But the rise of Christianity in Europe saw many pagan holidays being renamed for and dedicated to the early Christian martyrs. In 496 AD, Pope Gelasius turned Lupercalia into a Christian feast day and set its observance a day earlier, on February 14. According to the Catholic Encyclopedia, there were at least three early Christian saints by the name of Valentine. Surprisingly, all three of them were said to have been martyred on 14th February.
He proclaimed February 14 to be the feast day in honor of Saint Valentine, a Roman martyr who lived in the 3rd century. While one was a priest in Rome, another was a bishop in Terni. It is clear that Pope Gelasius intended to honor the first of these three aforementioned men. Valentine was a priest who lived around 270 AD in Rome and attracted the disfavor of Roman emperor Claudius II who ruled during this time. Valentine has two different versions - the Protestant and the Catholic one.
The Roman empire faced crisis from all sides, from the Gauls, Slavs, Huns, Turks and Mongolians from Northern Europe and Asia.
The empire had grown too large to be shielded from external aggression and internal chaos with existing forces.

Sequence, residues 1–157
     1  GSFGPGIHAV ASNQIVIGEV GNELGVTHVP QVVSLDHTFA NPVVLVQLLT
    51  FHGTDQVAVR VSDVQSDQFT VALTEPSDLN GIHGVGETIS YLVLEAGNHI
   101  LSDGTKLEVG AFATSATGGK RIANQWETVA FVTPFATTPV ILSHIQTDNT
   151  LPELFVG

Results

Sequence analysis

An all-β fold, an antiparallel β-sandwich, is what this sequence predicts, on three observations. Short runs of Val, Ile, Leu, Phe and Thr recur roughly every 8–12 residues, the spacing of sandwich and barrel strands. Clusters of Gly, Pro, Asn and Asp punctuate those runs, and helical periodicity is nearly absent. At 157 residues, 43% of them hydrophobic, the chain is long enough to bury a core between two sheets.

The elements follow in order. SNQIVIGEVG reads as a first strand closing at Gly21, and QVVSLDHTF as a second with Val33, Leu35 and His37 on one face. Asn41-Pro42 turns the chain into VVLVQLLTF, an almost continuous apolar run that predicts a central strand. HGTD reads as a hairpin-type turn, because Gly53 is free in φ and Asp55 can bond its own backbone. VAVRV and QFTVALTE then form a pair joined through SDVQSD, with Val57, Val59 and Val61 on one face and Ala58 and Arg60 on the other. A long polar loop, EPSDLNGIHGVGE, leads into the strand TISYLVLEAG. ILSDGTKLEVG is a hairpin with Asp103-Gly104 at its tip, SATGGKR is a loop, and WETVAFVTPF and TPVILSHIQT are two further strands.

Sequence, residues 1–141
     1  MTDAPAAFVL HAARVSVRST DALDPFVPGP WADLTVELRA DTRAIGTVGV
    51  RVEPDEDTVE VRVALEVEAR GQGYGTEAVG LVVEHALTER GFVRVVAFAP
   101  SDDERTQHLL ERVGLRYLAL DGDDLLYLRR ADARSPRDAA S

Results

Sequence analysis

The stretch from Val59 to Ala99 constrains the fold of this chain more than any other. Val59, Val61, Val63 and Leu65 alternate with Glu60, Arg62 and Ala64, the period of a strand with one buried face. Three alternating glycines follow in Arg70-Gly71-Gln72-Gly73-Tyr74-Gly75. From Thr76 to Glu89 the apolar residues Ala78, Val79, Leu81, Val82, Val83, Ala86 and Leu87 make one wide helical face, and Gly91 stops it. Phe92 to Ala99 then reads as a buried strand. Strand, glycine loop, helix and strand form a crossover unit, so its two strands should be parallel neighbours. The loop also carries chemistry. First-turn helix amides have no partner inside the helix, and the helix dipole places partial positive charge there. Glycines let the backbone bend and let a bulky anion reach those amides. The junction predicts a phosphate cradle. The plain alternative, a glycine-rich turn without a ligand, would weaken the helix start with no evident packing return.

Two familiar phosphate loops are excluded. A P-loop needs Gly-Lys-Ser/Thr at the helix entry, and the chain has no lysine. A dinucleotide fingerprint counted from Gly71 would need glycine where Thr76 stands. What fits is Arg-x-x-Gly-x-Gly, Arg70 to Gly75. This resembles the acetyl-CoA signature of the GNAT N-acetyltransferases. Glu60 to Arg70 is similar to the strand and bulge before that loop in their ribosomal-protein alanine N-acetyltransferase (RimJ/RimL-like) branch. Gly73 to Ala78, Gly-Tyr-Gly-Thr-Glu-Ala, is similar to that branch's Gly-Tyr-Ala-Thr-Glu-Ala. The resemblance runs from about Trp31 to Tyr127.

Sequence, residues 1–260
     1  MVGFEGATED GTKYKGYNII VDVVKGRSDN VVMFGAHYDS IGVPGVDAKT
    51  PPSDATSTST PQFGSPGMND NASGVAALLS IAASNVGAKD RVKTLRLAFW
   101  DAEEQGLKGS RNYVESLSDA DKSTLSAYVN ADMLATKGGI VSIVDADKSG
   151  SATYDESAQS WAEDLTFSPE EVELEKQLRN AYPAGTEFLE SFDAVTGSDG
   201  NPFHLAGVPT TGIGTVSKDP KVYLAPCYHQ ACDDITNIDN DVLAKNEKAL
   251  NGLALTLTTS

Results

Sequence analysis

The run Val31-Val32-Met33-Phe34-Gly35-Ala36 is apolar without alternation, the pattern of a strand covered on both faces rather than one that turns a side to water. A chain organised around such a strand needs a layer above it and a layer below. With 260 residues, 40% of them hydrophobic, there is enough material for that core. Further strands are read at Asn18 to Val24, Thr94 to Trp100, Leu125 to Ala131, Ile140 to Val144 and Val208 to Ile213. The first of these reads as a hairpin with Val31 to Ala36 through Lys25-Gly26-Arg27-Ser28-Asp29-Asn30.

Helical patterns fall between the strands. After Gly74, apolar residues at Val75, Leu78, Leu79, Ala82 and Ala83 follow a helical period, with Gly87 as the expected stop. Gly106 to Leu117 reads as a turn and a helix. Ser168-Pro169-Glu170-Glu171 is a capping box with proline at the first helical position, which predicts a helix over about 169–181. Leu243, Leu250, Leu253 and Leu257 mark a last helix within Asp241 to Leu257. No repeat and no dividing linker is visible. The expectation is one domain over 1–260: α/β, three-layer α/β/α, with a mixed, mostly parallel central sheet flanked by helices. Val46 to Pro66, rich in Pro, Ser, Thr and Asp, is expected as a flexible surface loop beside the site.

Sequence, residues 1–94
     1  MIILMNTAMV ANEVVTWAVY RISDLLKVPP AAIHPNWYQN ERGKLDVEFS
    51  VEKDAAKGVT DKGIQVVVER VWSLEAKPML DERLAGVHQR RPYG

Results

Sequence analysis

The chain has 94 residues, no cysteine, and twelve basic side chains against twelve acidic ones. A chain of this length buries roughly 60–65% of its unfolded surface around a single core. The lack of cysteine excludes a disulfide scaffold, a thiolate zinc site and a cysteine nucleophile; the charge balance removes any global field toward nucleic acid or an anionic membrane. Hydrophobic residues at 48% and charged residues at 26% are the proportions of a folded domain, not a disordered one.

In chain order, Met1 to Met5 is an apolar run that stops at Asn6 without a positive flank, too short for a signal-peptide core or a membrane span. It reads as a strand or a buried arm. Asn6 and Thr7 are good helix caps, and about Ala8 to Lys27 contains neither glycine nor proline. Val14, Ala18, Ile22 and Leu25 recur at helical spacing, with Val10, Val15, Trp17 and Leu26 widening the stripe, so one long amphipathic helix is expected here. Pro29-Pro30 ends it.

There hardly seems to be a young man or woman who is not keen to make the most of the day.
The history of Valentine's Day is impossible to be obtained from any archive and the veil of centuries gone by has made the origin behind this day more difficult to trace.
And thus he secretly performed many marriages for young lovers. It was only a matter of time before Claudius came to know of this "friend of lovers," and had him arrested.
While awaiting his sentence in prison, Valentine was approached by his jailor, Asterius.
Lack of quality administrators led to frequent civil strife.
Education declined, taxation increased and trade witnessed a very bad time.